Borderline personality disorder (BPD) is associated with impaired psychosocial functioning,1-4 reduced health-related quality of life,5 high utilization of services,6,7 and excess mortality.8-10 Although BPD occurs in up to 40% of psychiatric inpatients11 and 10% of outpatients,12 it is underrecognized.13-15 Often, patients with BPD do not receive an accurate diagnosis until ≥10 years after initially seeking treatment.16 The treatment and clinical implications of failing to recognize BPD include overprescribing medication and underutilizing empirically effective psychotherapies.14
This review summarizes studies of the underdiagnosis of BPD in routine clinical practice, describes which patients should be screened, and reviews alternative approaches to screening.
Underrecognition of BPD
The Rhode Island Methods to Improve Diagnostic Assessment and Services (MIDAS) project is an ongoing clinical research study involving the integration of research assessment methods into routine clinical practice.17 In an early report from the MIDAS project, BPD diagnoses derived from structured and unstructured clinical interviews were compared between 2 groups of psychiatric outpatients in the same practice.15 Individuals in the structured interview cohort were 35 times more often diagnosed with BPD than individuals evaluated with an unstructured clinical interview. Importantly, when the information from the structured interview was presented to the clinicians, BPD was more likely to be diagnosed clinically.
Other studies13,16 also found that the rate of diagnosing BPD was higher when the diagnosis was based on a semi-structured diagnostic interview compared with an unstructured clinical interview, and that clinicians were reluctant to diagnose BPD during their routine intake diagnostic evaluation.
Clinicians, however, do not use semi-structured interviews in their practice, and they also do not tend to diagnose personality disorders (PDs) based on direct questioning, as they typically would when assessing a symptom-based disorder such as depression or anxiety. Rather, clinicians report that they rely on longitudinal observations to diagnose PDs.18 However, the results from the MIDAS project were inconsistent with clinicians’ reports. When clinicians were presented with the results of the semi-structured interview, they usually would diagnose BPD, even though it was the initial evaluation. If clinicians actually relied on longitudinal observations and considered information based on the direct question approach of research interviews to be irrelevant or invalid, then the results from the semi-structured interview should not have influenced the rate at which they diagnosed BPD. This suggests that the primary issue in diagnosing PDs is not the need for longitudinal observation but rather the need for more information, and that there is a role for screening questionnaires.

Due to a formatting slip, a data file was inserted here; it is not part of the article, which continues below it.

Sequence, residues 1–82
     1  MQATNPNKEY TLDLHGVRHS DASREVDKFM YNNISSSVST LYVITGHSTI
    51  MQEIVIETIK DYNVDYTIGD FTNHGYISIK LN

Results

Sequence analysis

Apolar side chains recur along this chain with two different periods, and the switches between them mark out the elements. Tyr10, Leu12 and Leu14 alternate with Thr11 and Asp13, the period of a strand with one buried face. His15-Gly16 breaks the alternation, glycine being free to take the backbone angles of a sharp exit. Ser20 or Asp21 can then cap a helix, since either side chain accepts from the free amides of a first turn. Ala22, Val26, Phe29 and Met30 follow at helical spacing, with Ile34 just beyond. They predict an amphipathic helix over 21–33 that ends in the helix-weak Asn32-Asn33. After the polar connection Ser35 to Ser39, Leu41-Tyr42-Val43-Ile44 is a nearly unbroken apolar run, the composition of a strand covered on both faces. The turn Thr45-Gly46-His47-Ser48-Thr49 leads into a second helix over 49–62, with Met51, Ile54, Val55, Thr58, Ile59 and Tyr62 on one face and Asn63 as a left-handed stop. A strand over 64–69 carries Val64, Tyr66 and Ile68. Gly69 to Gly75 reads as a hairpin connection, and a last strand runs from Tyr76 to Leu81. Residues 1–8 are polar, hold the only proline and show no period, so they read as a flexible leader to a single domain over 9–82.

One potential criticism of studies demonstrating underrecognition of BPD in clinical practice is that patients typically were interviewed when they presented for treatment, when most were depressed or anxious. The possible pathologizing effects of psychiatric state on personality have been known for years.19 However, a large body of literature examining the treatment, prognostic, familial, and biological correlates of PDs supports the validity of diagnosing PDs in this manner. Moreover, from a clinical perspective, the sooner a clinician is aware of the presence of BPD, the more likely this information can be used for treatment planning.
Who should be screened for BPD?
BPD is underrecognized and underdiagnosed because patients with BPD often also have comorbid mood, anxiety, or substance use disorders.20,21 The symptoms associated with these disorders are typically the chief concern of patients with undiagnosed BPD who present for treatment. Patients with BPD rarely present for an intake evaluation and state that they are struggling with abandonment fears, chronic feelings of emptiness, or an identity disturbance. If patients identified these problems as their chief concerns, BPD would be easier to recognize.
Although several studies have documented the frequency of BPD in patients with a specific psychiatric diagnosis such as major depressive disorder (MDD) or attention-deficit/hyperactivity disorder,22-26 the MIDAS project examined the frequency of BPD in patients with various diagnoses and evaluated which disorders were associated with a significantly increased rate of BPD.27 The highest rate of BPD was found in patients with bipolar disorder. Approximately 25% of patients with bipolar II disorder and one-third of those with bipolar I disorder were diagnosed with BPD; these rates were significantly higher than the rate of BPD in patients without these disorders (Table 127). The rate of BPD was second highest in patients with a principal diagnosis of posttraumatic stress disorder (PTSD) and MDD; however, the rate of BPD in these patients was not significantly elevated compared with patients who did not have these principal diagnoses. Three disorders were associated with a significantly lower rate of BPD: adjustment disorder, dysthymic disorder, and generalized anxiety disorder.
It would be easy to recommend screening for BPD in all psychiatric patients. However, that is not feasible or practical. In making screening recommendations, absolute risk should be considered more important than relative risk. Clinicians should screen for BPD in patients presenting to a general psychiatric outpatient practice with a principal diagnosis of MDD, bipolar disorder, PTSD, or panic disorder with agoraphobia. That is, I recommend screening for BPD in patients with a principal diagnosis in which the prevalence of BPD is ≥10% (Table 127).